Excerpted from Job Creators Alliance, July 25, 2012, by Michael Leven and Richard Jackson
Lately, it seems that the only form of acceptable hate speech left in America is hostile invective heaped upon entrepreunuers and innovators by a vocal minority of pundits, and increasingly, political leaders who should know better. At the core of the great American experiment is the fundamental belief that the freedom to create and build businesses serves us all. The greatest of our founding fathers, George Washington, once wrote, "A people who are possessed of the spirit of commerce, who see, and who will pursue their advantages, may achieve almost anything." If there is a secret to America's success, it is this.
Alarmingly, the great ideas of our founders are being forgotten by some of our nation's most prominent leaders. Throughout American history, the enterprise of commerce, and those who practice it, have been celebrated as the engines of prosperity. Yet in today's national dialogue, they are too often vilified as the source of our ills. For those of us who have taken risks, put our family's financial well-being on the line, lived in near-poverty during the hard times so that our employees would be paid, or toiled on the frightening brink of failure fueled only by the hope of someday creating something great, this all comes as a painful slap in the face.
A case in point was Elizabeth Warren's introductory speech at a fundraiser for President Obama in Boston. "Corporations are NOT people," she pronounced. "People have hearts. They have kids. They get jobs. They get sick. They love and they cry and they dance. They live and they die. Learn the difference."
The audience ate it up.
Perhaps President Obama, a Harvard Law School graduate and former constitutional law professor who well knows the legal case for corporate personhood, would clear up Warren's condescending attack. But he didn't. And recently, he added to the insult, telling an audience in Roanoke, VA, "if you've got a business, you didn't build that. Somebody else made that happen."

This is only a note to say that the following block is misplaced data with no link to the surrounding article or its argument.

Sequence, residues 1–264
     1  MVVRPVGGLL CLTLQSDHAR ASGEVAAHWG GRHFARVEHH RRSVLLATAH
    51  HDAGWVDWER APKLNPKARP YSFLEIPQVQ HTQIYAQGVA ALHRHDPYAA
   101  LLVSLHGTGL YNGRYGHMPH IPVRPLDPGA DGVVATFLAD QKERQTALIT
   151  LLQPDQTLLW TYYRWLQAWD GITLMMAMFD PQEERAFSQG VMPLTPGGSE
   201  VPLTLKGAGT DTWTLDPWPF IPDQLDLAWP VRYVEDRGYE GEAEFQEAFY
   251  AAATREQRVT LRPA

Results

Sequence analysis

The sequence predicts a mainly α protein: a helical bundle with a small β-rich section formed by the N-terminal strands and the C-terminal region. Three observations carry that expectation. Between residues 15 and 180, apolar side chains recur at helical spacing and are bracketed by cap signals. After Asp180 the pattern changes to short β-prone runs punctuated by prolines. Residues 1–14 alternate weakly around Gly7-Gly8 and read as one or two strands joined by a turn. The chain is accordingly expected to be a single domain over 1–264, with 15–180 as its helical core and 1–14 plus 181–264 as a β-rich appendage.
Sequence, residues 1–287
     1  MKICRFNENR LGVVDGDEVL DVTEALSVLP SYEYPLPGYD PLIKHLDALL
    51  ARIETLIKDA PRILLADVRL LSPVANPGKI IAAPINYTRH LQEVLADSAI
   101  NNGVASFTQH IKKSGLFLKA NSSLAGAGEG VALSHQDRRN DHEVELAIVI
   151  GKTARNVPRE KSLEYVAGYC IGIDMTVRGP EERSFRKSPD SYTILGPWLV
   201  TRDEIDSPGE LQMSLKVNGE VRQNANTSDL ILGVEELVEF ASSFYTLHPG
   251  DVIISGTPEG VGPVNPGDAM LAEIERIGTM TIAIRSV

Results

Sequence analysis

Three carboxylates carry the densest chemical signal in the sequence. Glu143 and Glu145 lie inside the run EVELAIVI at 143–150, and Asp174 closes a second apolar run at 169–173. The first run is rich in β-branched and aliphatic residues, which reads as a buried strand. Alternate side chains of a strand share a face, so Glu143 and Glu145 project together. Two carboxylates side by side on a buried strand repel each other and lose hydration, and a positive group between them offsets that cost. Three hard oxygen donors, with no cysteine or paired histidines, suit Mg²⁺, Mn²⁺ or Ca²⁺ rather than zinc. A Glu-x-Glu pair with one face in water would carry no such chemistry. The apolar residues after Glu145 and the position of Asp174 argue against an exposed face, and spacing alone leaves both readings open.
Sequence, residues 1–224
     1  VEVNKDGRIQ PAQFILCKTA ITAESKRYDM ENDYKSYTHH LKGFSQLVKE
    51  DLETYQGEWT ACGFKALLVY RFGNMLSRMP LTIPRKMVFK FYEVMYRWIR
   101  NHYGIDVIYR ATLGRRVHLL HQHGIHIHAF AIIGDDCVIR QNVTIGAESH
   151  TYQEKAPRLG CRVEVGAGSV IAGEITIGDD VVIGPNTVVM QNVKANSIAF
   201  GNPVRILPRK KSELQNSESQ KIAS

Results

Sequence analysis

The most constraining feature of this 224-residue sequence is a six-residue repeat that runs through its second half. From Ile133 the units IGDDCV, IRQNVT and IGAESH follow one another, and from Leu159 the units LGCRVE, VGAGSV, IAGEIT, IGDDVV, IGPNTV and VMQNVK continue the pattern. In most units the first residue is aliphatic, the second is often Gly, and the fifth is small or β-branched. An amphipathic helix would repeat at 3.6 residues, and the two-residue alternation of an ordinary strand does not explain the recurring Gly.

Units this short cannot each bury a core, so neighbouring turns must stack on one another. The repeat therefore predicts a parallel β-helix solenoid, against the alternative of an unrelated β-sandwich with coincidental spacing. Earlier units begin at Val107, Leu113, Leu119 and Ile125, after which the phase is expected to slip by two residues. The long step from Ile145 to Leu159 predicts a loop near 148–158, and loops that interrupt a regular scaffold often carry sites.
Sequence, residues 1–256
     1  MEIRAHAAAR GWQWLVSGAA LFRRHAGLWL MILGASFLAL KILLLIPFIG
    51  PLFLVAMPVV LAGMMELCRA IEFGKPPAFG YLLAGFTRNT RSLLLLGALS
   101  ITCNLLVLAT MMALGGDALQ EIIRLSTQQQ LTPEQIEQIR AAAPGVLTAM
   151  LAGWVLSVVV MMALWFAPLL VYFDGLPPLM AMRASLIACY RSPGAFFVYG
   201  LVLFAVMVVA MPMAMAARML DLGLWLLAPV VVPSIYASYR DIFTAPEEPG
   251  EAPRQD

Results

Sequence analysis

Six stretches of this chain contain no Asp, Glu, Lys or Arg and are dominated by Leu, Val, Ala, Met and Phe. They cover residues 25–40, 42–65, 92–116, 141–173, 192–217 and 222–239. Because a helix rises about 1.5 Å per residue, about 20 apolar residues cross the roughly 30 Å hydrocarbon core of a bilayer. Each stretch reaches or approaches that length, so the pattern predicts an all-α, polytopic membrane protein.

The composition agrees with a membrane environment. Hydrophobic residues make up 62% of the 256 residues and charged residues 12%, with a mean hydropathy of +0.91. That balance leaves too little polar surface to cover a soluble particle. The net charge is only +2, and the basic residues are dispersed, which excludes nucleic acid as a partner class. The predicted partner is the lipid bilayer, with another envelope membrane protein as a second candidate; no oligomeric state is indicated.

The idea that businesses are people isn't a new concept. Indeed, it's been around for almost two hundred years as a matter of law.
As far back as 1819, in Dartmouth College v Woodward, the US Supreme Court has recognized corporations as having the same rights as every other American citizen to enter into and enforce contracts secured under the Fourteenth Amendment to the U.S. Constitution. Years later in a separate case, The Supreme Court returned to the corporate personhood well again, saying this:
"Under the designation of 'person' there is no doubt that a private corporation is included [in the Fourteenth Amendment]. Such corporations are merely associations of individuals united for a special purpose and permitted to do business under a particular name and have a succession of members without dissolution."
But the concept of personhood for corporations isn't merely established law. It's common sense.
Who starts a corporation but people? Who started Apple and IBM and McDonalds and Dominos Pizza and Facebook but people. And who starts the local auto body shop and the local Italian restaurant and the local charitable organization or church but people.
Corporations hire people, and feed families, they do charity work and community service. Of course corporations are people.
So why did Warren say what she said? Is it inexperience? Is it a lack of substantive contact with American business? Or a deliberate attempt to somehow strip corporations of their humanity?
Any why didn't our President clear the air, and the record?
That is for others to decide.
But for the entrepreneurs who have built, run, and grown small businesses, we don't need more anti-corporate rhetoric these days. Instead, we need a better understanding from our nation's leaders of what makes businesses work and what doesn't. We need to recognize what inhibits growth and what stimulates it.
In the end, corporations – and the people who run them and work for them – are not the problem with our economy. We are the solution.